When slavery existed in Colombia more than 170 years ago, Quinamayó’s ancestors were not allowed to celebrate any cultural expressions that where also celebrated by their slavers. Many traditions were adapted and resignified by them as a way of expressing dignity and resistance. So for Christmas, they decided to make their own celebration 45 days after the traditional date of the birth of Jesus Christ with their own modified rituals based on the catholic celebration and their african rituals in an expression of religious syncretism that has lasted for years.
For example, the ‘Juga’ is one of them: it is a native rhythm that uses wind and brass instruments, and that is danced with the feet dragged and the hands behind the back to symbolize the slave repression of which they were victims. Or for example there is the mission that people have of not letting their Afro roots die in the new generations, for which the professors teach an ‘Afro Cathedra’ in the village school.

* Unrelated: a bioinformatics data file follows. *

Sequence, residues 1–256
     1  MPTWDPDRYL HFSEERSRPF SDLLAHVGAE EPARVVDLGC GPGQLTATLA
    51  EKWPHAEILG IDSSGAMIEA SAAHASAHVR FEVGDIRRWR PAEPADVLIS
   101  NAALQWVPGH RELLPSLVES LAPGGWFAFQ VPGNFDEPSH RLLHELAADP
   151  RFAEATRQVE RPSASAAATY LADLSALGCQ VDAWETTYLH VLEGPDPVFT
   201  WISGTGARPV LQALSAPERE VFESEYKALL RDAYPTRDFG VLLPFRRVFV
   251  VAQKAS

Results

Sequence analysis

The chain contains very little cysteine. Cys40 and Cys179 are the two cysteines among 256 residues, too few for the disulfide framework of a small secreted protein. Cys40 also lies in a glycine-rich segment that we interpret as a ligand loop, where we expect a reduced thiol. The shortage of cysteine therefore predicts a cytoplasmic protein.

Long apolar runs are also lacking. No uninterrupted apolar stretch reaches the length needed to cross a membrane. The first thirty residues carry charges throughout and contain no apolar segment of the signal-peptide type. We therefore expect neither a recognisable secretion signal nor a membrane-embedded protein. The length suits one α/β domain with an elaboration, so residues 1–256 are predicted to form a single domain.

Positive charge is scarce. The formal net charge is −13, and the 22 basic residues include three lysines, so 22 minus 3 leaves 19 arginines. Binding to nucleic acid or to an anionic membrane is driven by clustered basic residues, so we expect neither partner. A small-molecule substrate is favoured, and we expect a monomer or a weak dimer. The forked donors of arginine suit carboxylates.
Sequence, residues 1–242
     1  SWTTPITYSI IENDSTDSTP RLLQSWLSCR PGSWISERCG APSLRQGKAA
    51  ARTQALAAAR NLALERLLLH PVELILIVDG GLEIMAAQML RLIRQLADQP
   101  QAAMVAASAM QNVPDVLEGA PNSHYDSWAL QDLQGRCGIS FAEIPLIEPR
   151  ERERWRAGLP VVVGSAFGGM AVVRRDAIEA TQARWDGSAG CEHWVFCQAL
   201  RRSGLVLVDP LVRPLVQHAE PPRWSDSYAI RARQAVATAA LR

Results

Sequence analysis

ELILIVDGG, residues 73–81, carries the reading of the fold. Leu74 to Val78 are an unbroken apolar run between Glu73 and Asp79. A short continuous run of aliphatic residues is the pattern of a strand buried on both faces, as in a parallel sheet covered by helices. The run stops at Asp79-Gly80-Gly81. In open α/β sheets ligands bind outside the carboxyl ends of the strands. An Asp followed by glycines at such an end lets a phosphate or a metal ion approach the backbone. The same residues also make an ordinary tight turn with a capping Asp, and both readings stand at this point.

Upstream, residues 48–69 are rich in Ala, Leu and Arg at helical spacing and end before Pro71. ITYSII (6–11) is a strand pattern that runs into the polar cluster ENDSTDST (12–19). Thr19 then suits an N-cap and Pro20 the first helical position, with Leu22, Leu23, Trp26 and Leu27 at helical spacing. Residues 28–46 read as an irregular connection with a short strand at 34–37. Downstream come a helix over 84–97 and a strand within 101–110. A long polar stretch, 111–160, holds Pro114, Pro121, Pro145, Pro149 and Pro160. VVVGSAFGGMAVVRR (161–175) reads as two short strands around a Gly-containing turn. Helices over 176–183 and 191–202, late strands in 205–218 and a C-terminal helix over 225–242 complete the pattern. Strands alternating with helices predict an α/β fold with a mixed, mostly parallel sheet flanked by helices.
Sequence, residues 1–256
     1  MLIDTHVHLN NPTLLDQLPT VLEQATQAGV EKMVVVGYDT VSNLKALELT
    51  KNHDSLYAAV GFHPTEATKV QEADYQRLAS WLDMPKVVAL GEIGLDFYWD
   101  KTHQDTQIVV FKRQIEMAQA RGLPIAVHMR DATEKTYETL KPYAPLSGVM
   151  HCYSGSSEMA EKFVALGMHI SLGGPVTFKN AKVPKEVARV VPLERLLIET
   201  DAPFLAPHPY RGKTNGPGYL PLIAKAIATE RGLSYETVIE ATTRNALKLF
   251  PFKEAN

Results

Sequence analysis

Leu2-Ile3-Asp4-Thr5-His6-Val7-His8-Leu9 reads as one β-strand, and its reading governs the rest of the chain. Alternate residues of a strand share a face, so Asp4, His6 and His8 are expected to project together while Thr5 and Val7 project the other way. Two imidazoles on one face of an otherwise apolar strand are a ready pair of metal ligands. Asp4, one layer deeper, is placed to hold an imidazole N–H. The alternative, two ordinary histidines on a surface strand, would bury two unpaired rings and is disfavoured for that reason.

This on-going project aims to make the historical celebrations of Quinamayó visible to contribute to an aspiration that the community has had for decades: that it’s Christmas celebration could be recognized as Intangible Cultural Heritage of the Nation in Colombia.